Janet Yellen, Federal Reserve System chair of the board of governors hinted in her speech today that a rate hike in the near term is not off the books, and some speculate that it could come as soon as September.
Yellen brought up the recent minutes for June’s meeting that showed many were divided on the issue of raising rates.
“As noted in the minutes of last month's Federal Open Market Committee meeting, we are studying many issues related to policy implementation, research which ultimately will inform the FOMC's views on how to most effectively conduct monetary policy in the years ahead,” Yellen said.
That being said, she also noted the improvements seen in the economy in recent months, and how it will affect decisions going forward.
“U.S. economic activity continues to expand, led by solid growth in household spending,” Yellen said. “Looking ahead, the FOMC expects moderate growth in real gross domestic product, additional strengthening in the labor market, and inflation rising to 2% over the next few years.”
The Gross Domestic Product, that is, the value of everything a nation produces, increased by an annual rate of only 1.1% in the second quarter, according to the “second” estimate released by the Bureau of Economic Analysis.
Total non-farm payroll employment increased by 255,000 in July, far above what experts predicted.
“Based on this economic outlook, the FOMC continues to anticipate that gradual increases in the federal funds rate will be appropriate over time to achieve and sustain employment and inflation near our statutory objectives,” Yellen said. “Indeed, in light of the continued solid performance of the labor market and our outlook for economic activity and inflation, I believe the case for an increase in the federal funds rate has strengthened in recent months.”
Yellen pointed out that, while the Fed has seen reason to increase rates, whether or not they raise rates is subject to the continuation of these market conditions.
“Of course, our decisions always depend on the degree to which incoming data continues to confirm the Committee's outlook,” Yellen said.
She also pointed out that not all market conditions are ideal, and some things continue to work against the notion of raising rates.
“But business investment remains soft and subdued foreign demand and the appreciation of the dollar since mid-2014 continue to restrain exports,” Yellen said. “And, as ever, the economic outlook is uncertain, and so monetary policy is not on a preset course.”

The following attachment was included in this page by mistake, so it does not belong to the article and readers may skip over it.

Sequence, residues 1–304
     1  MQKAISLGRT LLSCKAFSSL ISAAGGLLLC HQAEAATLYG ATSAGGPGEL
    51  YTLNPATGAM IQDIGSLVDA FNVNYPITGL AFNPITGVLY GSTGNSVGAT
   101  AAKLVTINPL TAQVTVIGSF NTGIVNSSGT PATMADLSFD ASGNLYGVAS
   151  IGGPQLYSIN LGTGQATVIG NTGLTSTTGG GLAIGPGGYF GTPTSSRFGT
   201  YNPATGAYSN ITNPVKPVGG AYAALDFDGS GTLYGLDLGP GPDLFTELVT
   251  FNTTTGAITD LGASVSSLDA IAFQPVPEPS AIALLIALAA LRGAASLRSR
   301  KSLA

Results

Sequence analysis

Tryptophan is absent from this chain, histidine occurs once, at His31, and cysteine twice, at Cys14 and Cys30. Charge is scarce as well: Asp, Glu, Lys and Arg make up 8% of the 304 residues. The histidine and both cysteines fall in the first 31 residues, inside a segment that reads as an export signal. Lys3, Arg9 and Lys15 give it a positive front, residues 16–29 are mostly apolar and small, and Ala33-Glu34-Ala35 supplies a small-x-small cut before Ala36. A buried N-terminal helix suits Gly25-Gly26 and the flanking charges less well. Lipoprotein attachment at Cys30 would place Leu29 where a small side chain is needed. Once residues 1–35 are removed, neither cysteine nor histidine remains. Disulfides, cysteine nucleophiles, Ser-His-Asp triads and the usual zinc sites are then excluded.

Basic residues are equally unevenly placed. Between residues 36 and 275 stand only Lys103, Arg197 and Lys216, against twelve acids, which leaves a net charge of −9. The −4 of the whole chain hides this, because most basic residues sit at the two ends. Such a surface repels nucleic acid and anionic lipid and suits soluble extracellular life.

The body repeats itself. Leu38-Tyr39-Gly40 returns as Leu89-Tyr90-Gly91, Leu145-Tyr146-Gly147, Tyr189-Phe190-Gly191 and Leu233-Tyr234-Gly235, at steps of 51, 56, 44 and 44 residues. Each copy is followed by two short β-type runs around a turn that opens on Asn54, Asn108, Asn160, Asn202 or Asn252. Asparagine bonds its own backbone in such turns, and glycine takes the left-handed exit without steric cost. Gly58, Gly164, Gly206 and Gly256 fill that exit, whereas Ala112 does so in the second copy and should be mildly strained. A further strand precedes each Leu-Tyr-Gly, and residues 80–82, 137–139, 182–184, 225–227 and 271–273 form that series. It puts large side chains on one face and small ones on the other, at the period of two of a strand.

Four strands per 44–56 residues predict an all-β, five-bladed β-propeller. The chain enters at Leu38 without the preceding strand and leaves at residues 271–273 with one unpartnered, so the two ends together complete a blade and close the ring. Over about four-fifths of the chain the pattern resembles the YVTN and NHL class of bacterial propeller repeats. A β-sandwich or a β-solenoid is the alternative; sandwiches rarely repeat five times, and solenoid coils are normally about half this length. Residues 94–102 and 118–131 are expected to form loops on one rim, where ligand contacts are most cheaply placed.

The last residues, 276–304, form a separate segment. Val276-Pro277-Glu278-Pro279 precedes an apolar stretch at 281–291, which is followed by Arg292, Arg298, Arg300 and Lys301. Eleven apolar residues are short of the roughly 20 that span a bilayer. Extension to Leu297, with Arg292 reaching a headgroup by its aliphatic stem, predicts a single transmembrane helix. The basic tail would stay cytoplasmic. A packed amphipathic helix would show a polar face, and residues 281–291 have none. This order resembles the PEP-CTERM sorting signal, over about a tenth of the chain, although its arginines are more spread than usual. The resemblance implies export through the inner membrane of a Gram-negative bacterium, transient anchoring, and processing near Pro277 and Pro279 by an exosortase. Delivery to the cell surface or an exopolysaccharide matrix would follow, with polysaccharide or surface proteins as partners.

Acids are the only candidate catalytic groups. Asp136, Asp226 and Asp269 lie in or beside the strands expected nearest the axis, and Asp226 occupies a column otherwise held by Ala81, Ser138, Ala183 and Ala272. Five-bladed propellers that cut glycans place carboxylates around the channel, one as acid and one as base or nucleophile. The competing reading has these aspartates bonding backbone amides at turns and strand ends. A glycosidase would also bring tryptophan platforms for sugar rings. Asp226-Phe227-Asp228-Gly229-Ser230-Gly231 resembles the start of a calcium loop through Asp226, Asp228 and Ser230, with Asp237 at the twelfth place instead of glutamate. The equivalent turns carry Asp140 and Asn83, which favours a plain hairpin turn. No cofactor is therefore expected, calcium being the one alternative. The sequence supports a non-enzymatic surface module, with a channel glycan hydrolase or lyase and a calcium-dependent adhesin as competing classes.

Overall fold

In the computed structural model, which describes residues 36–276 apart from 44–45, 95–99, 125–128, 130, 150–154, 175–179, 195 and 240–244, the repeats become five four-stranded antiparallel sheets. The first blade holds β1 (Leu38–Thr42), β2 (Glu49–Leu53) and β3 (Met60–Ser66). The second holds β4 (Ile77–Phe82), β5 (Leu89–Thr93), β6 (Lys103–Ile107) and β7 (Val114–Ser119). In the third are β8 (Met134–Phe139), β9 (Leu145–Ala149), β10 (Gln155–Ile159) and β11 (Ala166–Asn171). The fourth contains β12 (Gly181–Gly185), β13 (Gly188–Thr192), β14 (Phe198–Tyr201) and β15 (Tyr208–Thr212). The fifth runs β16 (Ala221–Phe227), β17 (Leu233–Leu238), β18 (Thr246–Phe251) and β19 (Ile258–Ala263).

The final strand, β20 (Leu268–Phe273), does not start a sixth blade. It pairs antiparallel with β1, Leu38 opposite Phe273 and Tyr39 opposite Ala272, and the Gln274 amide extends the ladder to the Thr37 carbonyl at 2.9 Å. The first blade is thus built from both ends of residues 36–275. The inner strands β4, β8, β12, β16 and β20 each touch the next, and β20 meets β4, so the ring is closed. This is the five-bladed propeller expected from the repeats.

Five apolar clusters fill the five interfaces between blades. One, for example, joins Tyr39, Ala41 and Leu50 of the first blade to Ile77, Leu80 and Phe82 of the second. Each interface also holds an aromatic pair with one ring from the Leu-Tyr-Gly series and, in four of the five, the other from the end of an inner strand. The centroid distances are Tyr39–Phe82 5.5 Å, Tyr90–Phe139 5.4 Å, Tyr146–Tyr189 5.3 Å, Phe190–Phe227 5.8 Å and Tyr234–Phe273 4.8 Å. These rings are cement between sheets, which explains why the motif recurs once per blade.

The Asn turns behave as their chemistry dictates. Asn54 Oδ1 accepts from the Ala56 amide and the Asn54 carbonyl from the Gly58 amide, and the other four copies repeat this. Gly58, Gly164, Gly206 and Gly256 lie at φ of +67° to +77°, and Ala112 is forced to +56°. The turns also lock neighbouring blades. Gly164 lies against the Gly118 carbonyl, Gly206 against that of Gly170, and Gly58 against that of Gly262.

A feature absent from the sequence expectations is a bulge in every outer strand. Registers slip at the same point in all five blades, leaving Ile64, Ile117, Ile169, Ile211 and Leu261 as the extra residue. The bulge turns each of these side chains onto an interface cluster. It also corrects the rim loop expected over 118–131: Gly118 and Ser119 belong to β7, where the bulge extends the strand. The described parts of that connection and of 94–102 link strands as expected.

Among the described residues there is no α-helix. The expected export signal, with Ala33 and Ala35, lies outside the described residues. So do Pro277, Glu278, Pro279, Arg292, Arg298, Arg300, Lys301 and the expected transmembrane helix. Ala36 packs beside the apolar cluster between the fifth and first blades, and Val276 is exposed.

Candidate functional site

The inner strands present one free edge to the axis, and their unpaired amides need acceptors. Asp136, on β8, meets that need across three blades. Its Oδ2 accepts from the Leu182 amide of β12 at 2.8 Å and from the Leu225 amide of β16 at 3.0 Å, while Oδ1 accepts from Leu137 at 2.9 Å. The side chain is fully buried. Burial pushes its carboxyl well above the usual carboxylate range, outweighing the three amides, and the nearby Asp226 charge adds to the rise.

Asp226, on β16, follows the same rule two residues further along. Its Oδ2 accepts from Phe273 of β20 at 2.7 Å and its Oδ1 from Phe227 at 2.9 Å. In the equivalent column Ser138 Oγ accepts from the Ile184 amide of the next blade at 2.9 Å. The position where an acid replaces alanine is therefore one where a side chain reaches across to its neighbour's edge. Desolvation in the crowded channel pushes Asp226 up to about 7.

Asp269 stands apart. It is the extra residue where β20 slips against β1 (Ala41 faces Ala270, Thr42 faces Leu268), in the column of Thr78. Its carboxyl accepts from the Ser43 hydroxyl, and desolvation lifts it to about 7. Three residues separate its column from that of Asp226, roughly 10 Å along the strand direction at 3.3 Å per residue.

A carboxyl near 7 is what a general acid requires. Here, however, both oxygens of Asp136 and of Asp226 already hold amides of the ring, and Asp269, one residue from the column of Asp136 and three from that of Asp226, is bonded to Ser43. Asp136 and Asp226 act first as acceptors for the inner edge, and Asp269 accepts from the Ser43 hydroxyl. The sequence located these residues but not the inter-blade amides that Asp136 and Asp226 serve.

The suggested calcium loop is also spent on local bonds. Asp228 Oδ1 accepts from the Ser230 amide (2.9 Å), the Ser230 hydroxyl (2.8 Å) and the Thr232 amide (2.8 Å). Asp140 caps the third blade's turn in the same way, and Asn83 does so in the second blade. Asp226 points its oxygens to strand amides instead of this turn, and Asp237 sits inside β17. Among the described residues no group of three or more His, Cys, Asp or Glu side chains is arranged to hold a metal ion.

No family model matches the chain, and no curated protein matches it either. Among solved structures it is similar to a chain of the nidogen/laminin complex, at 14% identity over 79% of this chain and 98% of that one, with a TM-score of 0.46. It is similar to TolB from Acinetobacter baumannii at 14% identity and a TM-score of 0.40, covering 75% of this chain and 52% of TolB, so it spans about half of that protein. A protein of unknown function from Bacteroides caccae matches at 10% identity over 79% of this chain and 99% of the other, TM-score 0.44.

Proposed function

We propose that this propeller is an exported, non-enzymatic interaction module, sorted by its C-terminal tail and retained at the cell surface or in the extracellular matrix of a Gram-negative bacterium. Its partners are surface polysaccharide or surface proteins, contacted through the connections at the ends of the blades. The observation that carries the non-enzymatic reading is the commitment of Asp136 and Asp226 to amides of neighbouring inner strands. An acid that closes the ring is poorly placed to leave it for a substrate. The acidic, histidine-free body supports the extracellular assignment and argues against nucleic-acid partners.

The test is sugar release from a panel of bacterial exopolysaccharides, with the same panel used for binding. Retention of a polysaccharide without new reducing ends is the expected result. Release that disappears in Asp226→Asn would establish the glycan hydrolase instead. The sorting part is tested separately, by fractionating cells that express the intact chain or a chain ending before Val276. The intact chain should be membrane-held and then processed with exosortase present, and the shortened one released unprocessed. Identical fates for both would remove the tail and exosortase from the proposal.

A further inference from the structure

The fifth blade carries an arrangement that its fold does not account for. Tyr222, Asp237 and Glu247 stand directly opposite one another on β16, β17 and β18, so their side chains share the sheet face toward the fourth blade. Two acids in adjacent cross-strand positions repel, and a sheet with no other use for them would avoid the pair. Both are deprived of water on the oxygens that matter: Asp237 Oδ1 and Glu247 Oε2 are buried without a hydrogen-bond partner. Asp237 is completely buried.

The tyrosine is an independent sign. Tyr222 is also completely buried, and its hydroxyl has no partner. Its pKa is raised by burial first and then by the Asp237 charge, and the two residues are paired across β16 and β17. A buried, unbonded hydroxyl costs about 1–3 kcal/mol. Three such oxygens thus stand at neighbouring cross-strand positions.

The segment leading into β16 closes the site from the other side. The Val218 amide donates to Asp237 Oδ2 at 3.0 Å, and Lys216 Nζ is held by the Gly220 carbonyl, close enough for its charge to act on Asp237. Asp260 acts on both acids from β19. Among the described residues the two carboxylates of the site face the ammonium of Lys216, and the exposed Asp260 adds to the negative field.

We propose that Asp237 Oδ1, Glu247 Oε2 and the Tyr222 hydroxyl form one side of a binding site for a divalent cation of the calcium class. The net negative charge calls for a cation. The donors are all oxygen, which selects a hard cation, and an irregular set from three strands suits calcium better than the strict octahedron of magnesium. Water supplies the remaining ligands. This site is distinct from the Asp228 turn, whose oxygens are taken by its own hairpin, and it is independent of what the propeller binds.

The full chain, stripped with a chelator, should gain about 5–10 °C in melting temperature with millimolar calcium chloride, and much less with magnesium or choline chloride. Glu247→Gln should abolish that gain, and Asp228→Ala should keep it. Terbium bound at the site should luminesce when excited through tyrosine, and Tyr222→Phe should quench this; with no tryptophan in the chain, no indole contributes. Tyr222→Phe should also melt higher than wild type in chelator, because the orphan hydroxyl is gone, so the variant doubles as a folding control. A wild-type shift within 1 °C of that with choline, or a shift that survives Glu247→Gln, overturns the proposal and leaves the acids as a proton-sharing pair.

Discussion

“Our ability to predict how the federal funds rate will evolve over time is quite limited because monetary policy will need to respond to whatever disturbances may buffet the economy,” she said.
Some experts, however, say that while a September rate hike could be possible, a December hike is more likely.
“The odds still favor a rate hike in Q4, but September is quickly nearing a coin-flip proposition,” said Curt Long, National Association of Federal Credit Unions chief economist.
Other experts agreed.
“In her speech at the Jackson Hole symposium today, US Fed Chair Janet Yellen’s acknowledgement that ‘the case for an increase in the federal funds rate has strengthened’ would appear to increase the likelihood of a near-term rate hike,” Capital Economics Economist Andrew Hunter said.
“On balance, however, we think most officials will want to see more concrete evidence of a rebound in GDP growth and a rise in inflation towards the 2% target, with a December move still appearing the most likely outcome,” Hunter said.
This is a very different prediction than Capital Economics’ prediction just a couple months earlier.
Back in June, Capital Economics claimed that the Fed will raise rates faster than the markets expected. In fact, they said that by the end of next year, rates could increase at least 1.75% to 2%.
The markets began adjusting before Yellen’s speech, and now believe a rate hike could be around the corner.
“The markets are now assigning a 33% chance of a rate hike in September,” said Brent Nyitray, iServe Residential Lending director of capital markets.
“Somewhat hawkish Fed-speak out of different Fed heads largely accounts for the increase,” Nyitray said. “The Fed Funds futures markets are also assigning a 58% chance of a hike through December.”